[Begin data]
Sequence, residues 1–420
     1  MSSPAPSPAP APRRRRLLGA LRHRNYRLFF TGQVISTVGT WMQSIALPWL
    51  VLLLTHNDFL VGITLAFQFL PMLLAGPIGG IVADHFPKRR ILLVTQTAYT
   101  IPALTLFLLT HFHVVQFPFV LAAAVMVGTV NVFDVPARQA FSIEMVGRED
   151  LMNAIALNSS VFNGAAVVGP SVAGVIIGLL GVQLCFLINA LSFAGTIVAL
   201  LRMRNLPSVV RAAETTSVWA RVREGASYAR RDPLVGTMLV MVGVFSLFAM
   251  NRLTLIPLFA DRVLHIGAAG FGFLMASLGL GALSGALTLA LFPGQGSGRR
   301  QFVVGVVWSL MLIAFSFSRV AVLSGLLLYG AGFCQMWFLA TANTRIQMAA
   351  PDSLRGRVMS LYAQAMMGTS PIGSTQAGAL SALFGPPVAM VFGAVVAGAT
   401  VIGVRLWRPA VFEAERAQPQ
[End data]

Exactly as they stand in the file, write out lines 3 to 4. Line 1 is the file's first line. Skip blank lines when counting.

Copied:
    51  VLLLTHNDFL VGITLAFQFL PMLLAGPIGG IVADHFPKRR ILLVTQTAYT
   101  IPALTLFLLT HFHVVQFPFV LAAAVMVGTV NVFDVPARQA FSIEMVGRED